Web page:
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Last Fall, I was visited here by my Vancouver niece with her husband and their two girls. I had not seen this family since Danica (who now is seven years old) was a crawling baby, and there was not yet a sister (who is now five). My whole family there has never lived or worked outside of Vancouver, and is cognizant of Quebec and language issues only through their own educational and professional, all English, experiences.
The highlight of the Montreal visit was a celebratory brunch for all of us: lovely downtown restaurant, three adults, and two beautiful, chattering little girls who were allowed to order their own grown-up menu lunch. A handsome grandfatherly waiter patiently attended this lot, and accorded the kids the deference that he gave to the adults. The parents and one little girl ordered in English, I ordered in half French and half English, and Danica ordered in French. I was astounded, the parents complimented her on this “immersion course” initiative. The waiter was totally seduced. I have never had better service in any Montreal restaurant.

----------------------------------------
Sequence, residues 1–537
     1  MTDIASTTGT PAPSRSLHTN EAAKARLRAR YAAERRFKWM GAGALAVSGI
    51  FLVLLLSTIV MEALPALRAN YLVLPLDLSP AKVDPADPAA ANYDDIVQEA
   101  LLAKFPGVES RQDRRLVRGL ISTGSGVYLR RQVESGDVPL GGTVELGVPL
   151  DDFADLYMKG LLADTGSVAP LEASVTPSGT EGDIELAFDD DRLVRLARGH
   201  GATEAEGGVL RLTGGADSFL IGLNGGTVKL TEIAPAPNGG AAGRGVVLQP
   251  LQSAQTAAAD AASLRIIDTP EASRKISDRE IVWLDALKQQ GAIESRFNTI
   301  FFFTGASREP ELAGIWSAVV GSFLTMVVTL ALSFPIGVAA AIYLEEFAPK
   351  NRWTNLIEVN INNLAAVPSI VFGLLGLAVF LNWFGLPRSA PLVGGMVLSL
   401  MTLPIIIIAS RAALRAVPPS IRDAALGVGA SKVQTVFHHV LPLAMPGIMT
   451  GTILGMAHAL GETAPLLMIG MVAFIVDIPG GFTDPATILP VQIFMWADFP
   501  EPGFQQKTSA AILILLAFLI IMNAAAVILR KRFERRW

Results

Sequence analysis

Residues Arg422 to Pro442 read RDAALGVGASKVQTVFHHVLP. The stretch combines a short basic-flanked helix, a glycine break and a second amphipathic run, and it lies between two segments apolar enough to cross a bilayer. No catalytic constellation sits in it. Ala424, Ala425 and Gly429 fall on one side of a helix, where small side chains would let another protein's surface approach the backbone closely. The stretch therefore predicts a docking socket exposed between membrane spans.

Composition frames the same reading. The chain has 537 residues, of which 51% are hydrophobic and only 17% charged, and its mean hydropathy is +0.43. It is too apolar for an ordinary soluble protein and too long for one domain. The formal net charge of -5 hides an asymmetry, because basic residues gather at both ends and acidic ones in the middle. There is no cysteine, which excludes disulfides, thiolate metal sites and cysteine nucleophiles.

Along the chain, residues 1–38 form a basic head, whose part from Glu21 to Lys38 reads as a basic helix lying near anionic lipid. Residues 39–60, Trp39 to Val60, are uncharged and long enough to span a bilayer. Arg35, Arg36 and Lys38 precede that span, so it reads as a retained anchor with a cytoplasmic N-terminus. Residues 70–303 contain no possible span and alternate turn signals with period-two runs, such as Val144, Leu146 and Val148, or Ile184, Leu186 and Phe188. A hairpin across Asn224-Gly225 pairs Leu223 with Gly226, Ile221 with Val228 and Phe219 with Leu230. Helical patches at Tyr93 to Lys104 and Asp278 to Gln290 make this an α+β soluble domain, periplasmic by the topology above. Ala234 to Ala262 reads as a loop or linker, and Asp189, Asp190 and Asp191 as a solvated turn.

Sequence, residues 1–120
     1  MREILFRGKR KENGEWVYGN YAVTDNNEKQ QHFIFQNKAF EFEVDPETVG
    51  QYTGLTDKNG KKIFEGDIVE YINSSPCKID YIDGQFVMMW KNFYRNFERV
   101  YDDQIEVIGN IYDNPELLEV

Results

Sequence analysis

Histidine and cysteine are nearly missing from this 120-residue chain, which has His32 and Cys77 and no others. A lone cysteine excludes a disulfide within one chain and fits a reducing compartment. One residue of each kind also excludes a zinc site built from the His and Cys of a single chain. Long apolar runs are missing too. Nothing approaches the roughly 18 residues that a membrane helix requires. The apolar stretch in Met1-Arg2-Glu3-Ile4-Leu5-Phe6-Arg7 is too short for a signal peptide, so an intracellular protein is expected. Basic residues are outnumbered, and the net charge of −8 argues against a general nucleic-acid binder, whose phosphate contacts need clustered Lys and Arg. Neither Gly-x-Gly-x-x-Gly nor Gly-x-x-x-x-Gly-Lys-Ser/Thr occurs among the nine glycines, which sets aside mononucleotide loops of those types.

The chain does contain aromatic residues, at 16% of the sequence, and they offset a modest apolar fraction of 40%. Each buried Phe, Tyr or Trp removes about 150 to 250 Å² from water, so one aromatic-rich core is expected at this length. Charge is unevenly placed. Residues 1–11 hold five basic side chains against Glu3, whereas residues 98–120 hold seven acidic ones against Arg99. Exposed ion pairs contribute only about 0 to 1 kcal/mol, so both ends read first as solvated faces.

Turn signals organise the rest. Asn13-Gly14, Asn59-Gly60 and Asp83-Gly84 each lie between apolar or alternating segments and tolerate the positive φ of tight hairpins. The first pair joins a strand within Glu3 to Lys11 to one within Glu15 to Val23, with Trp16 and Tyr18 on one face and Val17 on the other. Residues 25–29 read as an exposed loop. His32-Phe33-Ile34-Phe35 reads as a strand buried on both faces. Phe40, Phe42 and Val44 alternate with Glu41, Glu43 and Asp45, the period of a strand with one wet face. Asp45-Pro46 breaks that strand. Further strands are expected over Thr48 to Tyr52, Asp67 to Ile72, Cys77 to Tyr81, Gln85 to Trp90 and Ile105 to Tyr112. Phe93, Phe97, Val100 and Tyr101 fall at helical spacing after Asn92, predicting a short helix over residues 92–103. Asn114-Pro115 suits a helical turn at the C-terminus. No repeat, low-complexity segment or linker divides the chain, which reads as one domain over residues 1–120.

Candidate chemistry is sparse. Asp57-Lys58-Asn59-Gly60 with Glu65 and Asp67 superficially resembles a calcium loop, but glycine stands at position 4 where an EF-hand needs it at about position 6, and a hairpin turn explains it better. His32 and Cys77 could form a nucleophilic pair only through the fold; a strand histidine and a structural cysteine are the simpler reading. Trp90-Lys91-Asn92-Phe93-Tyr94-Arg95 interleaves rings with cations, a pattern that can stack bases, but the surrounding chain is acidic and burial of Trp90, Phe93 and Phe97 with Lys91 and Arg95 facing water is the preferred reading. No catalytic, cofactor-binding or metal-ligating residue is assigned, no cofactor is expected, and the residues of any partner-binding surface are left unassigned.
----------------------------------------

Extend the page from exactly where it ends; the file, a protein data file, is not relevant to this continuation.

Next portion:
Danica’s sister is on a waiting list for her immersion French course in Vancouver. She has been on that waiting list for four years. I am informed that the numbers quota for her entry time may be a problem. She may have to wait for a drop-out on the list.
Parents are taking the lead in telling us that Canada is not meeting its obligations of being a fully bilingual country. Here in Quebec, parents are making similar demands, or seeking private school placement for English education. It is time that we supported, and pushed, our politicians and educators for a truly bilingual education.
The issue of Bilingual Education in Canada needs the pressure of a strong political movement across the country I hope that all parents, and educators, across the country can unite to ignite such a fire.